The Museum.

A roundup of museum visits to inspire your next culture trip, from obscure open houses to the Louvre.

Demands for the repatriation of cultural objects have snowballed over the past decade, with major institutions facing mounting public pressure to return works to their former owners or place of origin. Greece, for example, is so determined to get the Parthenon Marbles back from the British Museum that it built a new museum of its own at the base of the Acropolis, ready to take the sculptures when they finally make their way back to Attica. Maria Altman’s quest to reclaim Gustav Klimt’s portrait of her aunt – stolen by the Nazis and given to the Belvedere Museum in Vienna – was so captivating a story, Hollywood made a movie starring Helen Mirren.

Allegory of Arithmetic (1557) by Frans Floris, Louvre Abu Dhabi (right).

Allegory of Arithmetic (1557) by Frans Floris at the Louvre Abu Dhabi.
Waterfall in the Glen (1927) by Winston MacQuoid at Kettle's Yard, Cambridge.

When museums aren’t hoarding loot they have the power to do great things for the world, shining light on cultural exchange and fostering mutual understanding and cooperation between peoples. They can also be places of great emotion: even without the full suite of Parthenon Marbles, the Acropolis Museum stands as not only one of the most ravishing museums on the planet, but a beacon of Greek pride and resilience. 

Waterfall in the Glen (1927) by Winston MacQuoid and Ben Nicholson’s Porta – San Gimignano (1953) at Kettle’s Yard, Cambridge (left); Hercules the Archer (1910) by Antoine Bourdelle in the Great Hall of Musée Bourdelle, Paris (below).

Hercules the Archer (1910) by Antoine Bourdelle in the Great Hall of Musée Bourdelle, Paris.

Even without the Acropolis Museum, Athens is home to an extraordinary lineup of modern-day culture temples – and relatively unique in Europe as two things never occurred there. The Italian Renaissance never made it to the Balkans, an outpost of the Byzantine and Ottoman empires at the time. And unlike much of the continent, Greece never had a noble class to support the arts. Instead, its cultural flourishing has been a stop-start affair since it gained independence from the Turks in 1832, with a stratum of wealthy Greeks making massive contributions to the fledgling nation’s cultural scene. Favourites include the Benaki Museum (1930), home to thousands of years of Greek creativity, from ancient sculpture to a stellar display of costumes; the otherworldly Cycladic Museum (1986); and the Basil and Elise Goulandris Foundation (2019), with its three-billion-dollar collection of modern art.

The Erechtheion Caryatids (421-405 BCE), Acropolis Museum, Athens (right); Ömer Uluç’s 3 Men, 4 Women, Visitors (1989) at Istanbul Modern; the Capitoline Sappho (Roman copy of 5th-century BC Greek original), Capitoline Museums, Rome (below).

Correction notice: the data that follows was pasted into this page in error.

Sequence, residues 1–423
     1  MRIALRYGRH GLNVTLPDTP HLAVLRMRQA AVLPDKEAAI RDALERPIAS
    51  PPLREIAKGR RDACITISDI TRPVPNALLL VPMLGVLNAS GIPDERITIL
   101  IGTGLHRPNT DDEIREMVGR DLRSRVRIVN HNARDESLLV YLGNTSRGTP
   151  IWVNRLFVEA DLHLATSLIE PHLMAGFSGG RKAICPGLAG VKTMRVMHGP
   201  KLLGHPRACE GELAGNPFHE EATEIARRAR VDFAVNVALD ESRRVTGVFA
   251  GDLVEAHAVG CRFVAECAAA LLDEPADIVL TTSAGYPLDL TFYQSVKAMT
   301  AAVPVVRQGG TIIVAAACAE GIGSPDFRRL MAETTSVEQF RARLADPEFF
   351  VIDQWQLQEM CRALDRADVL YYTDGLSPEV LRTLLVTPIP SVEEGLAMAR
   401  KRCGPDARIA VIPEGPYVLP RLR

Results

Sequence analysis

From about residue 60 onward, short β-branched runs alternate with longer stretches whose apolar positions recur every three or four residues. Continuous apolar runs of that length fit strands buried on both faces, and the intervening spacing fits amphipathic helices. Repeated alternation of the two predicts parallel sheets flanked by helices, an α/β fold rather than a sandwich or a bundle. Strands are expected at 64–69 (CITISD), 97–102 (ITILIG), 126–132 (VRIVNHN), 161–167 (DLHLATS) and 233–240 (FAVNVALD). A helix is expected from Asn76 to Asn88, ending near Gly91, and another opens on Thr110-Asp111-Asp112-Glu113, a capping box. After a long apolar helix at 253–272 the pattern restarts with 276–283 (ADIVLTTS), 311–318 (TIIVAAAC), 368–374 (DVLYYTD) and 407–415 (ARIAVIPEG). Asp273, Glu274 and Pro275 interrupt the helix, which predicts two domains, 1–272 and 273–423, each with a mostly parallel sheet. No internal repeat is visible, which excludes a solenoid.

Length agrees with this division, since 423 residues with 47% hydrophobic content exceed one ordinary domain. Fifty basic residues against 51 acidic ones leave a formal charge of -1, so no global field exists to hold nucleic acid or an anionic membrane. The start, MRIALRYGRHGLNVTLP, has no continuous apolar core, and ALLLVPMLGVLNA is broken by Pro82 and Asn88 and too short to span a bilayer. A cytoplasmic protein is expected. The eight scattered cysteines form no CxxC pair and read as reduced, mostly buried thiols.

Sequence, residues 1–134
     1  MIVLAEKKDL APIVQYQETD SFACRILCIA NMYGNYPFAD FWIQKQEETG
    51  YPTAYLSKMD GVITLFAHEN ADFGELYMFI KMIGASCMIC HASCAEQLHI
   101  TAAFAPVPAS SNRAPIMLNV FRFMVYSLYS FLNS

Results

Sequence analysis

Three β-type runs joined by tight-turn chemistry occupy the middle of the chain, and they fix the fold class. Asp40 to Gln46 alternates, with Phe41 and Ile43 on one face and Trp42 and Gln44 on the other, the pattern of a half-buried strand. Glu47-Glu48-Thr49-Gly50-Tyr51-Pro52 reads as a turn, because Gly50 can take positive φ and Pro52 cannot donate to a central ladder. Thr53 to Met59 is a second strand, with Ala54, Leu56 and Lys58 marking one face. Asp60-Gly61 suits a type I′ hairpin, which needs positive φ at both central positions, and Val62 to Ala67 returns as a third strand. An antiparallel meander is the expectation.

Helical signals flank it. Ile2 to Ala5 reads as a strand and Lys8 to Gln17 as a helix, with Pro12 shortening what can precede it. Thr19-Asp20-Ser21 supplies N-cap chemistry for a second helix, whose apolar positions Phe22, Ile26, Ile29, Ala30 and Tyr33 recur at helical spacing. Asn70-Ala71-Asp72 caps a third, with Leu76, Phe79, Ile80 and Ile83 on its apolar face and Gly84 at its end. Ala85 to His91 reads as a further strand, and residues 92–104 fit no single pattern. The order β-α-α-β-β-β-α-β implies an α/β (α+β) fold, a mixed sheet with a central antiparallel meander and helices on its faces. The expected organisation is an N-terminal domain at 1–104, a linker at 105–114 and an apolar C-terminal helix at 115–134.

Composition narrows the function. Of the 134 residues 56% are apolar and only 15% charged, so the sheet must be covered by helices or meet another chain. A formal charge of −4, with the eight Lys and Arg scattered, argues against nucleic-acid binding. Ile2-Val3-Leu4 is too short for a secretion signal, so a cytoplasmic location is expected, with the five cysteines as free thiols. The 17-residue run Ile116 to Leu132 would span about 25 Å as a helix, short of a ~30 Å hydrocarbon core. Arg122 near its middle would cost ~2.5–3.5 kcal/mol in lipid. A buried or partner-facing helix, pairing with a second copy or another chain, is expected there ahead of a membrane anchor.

Caryatids (5th century BCE), Acropolis Museum, Athens.
Ömer Uluç's 3 Men, 4 Women, Visitors (1989) Istanbul Modern.
The Capitoline Sappho, Capitoline Museums, Rome.
Four-faced Shivalinga (17-18th century), Patan Museum, Nepal.

Further east in Nepal, Patan Museum is home to architectural relics and religious works, such as a 9th-century image of Indra – the Hindu Zeus – and a magnificent 12th-century Shakyamuni Buddha seated in meditation. All pieces in the collection have one thing in common: they were stolen. When the Himalayan country opened up to the world in the 1950’s, the Kathmandu Valley was an open, living museum. An illicit trade in religious art followed, stripping Nepal’s gods from their shrines. The treasures on display at Patan Museum are items that were either abandoned by thieves or intercepted before they could leave the country, making the criminal world the museum’s largest benefactor.

There are also happy moments of cultural repatriation. While I was in Nepal, the Art Gallery of New South Wales returned an 800-year-old strut that had been stolen from a temple in Patan in 1975.

Detail of a four-faced Shivalinga (17-18th century), Patan Museum, Nepal (left).

The museum itself is a jewel of Newar architecture – a 17th-century royal compound in slim red brick, intricately carved timber and golden doors and windows overlooking Patan Durbar Square. Patan is the oldest of three ancient capitals of the Kathmandu Valley, the others being Kathmandu and Bhaktapur. This trio of city states was ruled for more than half a millennium by the Malla dynasty – cousin kings and cultural rivals whose ancestors fled the Muslim Conquest of India and came to power in the Valley around 1200 CE. Armed with taste and money (the valley lay at the crossroads of lucrative trade routes), their reign ushered in a golden age similar to the Italian Renaissance. Falling into disrepair after the Malla kings were overthrown in 1769, the palace was restored in the late 20th century by Austrian conservation architect, Götz Hagmüller, ready to take the the refugee art. It’s simple but sophisticated, with understated museum labels and ultra low lighting, recreating the candlelit, incense-filled atmosphere of the Malla kings centuries before.

The back of a monumental painting by Guercino at the Capitoline Museums, Rome (right); Palazzo Doria Pamphilj, Rome; a detail of Caravaggio’s John the Baptist (1507-10), Galleria Doria Pamphilj (below).

Capitoline Museums, Rome.
Palazzo Doria Pamphilj, Rome.
Caravaggio at the Galleria Doria Pamphilj, Rome.
Torso of Apollo, Centrale Montemartini, Rome.